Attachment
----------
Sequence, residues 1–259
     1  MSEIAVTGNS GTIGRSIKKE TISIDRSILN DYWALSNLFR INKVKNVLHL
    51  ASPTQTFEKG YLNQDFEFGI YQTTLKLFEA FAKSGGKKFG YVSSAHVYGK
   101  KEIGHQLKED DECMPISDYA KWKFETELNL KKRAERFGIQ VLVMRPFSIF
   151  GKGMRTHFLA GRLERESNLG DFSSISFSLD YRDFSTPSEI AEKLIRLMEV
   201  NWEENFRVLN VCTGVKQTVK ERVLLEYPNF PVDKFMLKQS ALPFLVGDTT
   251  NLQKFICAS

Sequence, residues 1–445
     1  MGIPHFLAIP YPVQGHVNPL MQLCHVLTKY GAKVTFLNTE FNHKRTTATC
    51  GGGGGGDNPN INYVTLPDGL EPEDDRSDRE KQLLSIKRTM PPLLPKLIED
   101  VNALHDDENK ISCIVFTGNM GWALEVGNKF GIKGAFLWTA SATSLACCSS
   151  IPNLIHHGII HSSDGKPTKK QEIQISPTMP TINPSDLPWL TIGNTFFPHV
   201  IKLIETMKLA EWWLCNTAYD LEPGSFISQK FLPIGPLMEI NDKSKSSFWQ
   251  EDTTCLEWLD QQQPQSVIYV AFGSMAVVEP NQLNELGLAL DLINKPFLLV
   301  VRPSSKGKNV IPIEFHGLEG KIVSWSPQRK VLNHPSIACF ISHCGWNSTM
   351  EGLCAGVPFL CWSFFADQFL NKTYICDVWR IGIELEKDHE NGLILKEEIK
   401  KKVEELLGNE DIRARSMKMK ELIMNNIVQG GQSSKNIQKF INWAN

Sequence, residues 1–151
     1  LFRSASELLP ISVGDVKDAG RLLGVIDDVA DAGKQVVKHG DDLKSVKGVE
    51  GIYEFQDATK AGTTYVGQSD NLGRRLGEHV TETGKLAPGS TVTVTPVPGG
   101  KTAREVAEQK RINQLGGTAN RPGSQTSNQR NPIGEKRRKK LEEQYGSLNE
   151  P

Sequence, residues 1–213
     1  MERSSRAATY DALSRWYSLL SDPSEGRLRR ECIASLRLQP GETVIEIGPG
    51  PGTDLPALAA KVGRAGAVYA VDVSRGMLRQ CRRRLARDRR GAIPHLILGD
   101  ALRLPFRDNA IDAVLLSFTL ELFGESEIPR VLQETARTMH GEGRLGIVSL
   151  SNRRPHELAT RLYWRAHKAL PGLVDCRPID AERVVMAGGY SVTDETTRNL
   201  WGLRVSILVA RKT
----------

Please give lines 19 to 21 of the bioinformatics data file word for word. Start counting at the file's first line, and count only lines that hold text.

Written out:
     1  LFRSASELLP ISVGDVKDAG RLLGVIDDVA DAGKQVVKHG DDLKSVKGVE
    51  GIYEFQDATK AGTTYVGQSD NLGRRLGEHV TETGKLAPGS TVTVTPVPGG
   101  KTAREVAEQK RINQLGGTAN RPGSQTSNQR NPIGEKRRKK LEEQYGSLNE